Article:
A week ago I took Daniela and Elisa to Washington for a quick visit. Our first stop was the Lincoln Memorial. I've been there at least a dozen times, but it never fails to move me. In general I'm very leery of grand memorials or monuments of any kind, but I've always admired Lincoln and his way with words, so I feel tolerant as I look up at the massive figure in his big armchair. The Gettysburg Address is a real gem, a marvel of concision. On the other hand, when I look out from the Lincoln Memorial to the Washington Monument and, way back there, Congress, I feel it's unfortunate that some of the more intellectually interesting figures of our past get such short shrift in the capital, and in our collective memory generally. Where's the monument to Thomas Paine? Benjamin Rush? Hamilton? After paying homage to Abe we went by a very different kind of memorial: the one dedicated to those who died in Viet Nam (and Southeast Asia generally). Always sobering. Then it was a superficial museum tour: Air and Space, the new Native American museum, and Natural History. Impressive places, that's for sure. On the way home we stopped by Gettysburg and so Elisa got an extra dose of US history and was able to connect the words inscribed inside on the right hand wall of the Lincoln Memorial to the place where they were pronounced.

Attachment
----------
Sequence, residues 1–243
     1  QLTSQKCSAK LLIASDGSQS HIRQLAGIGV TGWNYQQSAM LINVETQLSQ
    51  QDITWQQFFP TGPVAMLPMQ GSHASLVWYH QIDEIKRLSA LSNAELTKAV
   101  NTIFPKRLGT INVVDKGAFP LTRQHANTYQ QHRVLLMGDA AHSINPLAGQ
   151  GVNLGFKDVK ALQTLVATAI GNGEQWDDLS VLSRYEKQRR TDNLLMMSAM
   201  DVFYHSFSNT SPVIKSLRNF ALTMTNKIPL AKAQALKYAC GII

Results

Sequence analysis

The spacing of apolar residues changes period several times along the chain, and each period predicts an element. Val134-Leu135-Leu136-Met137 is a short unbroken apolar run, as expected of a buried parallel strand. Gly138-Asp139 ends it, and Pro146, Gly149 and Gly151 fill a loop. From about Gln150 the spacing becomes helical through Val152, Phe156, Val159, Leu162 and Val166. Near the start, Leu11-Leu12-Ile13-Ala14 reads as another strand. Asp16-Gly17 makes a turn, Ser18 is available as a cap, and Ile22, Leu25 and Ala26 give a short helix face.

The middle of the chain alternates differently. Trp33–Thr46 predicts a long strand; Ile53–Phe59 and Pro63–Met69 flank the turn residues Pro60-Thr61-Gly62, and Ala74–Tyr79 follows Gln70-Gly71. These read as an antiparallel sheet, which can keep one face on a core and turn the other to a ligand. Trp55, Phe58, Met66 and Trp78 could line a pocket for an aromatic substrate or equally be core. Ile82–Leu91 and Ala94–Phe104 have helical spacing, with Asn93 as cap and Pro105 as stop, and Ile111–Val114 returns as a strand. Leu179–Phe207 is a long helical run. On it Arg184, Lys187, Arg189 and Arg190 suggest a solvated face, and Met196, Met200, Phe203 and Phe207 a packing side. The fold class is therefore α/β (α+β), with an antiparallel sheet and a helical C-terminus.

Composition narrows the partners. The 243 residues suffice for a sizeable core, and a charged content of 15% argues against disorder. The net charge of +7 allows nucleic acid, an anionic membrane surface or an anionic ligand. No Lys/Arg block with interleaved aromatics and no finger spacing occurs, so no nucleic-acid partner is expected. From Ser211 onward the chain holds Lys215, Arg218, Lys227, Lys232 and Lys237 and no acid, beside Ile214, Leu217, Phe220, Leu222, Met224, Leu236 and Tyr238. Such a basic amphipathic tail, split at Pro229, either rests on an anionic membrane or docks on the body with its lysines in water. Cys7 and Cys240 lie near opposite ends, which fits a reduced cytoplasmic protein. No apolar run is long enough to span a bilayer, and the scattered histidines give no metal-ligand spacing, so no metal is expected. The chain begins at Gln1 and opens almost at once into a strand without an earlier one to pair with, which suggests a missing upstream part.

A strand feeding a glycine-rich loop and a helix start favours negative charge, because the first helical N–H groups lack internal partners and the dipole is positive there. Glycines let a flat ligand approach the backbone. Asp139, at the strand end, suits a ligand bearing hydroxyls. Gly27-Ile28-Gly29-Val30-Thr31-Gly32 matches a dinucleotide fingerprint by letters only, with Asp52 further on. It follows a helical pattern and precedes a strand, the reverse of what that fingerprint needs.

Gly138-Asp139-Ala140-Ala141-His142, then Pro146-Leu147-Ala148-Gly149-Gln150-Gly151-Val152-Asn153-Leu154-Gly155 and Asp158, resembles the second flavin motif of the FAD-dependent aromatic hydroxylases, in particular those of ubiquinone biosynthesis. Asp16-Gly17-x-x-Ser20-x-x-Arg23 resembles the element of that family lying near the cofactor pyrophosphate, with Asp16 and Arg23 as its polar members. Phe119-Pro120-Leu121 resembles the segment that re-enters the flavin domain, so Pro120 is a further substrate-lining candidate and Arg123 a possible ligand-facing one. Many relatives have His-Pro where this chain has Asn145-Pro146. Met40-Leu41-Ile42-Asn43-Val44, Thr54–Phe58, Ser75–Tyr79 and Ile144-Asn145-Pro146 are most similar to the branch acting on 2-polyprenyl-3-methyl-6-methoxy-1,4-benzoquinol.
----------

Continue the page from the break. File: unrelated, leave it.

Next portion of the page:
Yesterday a different kind of memorial: the funeral service for Rod Hough. Lots and lots of people. Rod died quite unexpectedly, so I was a little surprised at what a "festive" atmosphere seemed to dominate. I stood in line for over an hour to make my way to the family to offer condolences and during the wait got to greet lots and lots of folks, mainly from AA, who I hadn't seen in a couple of years.
And today it's up to New York to bring the young malagueña to JFK. Another little detail for my memory: as I write my forearms feel on fire: the itching of poison ivy. Oh man, am I stupid! Know your weeds!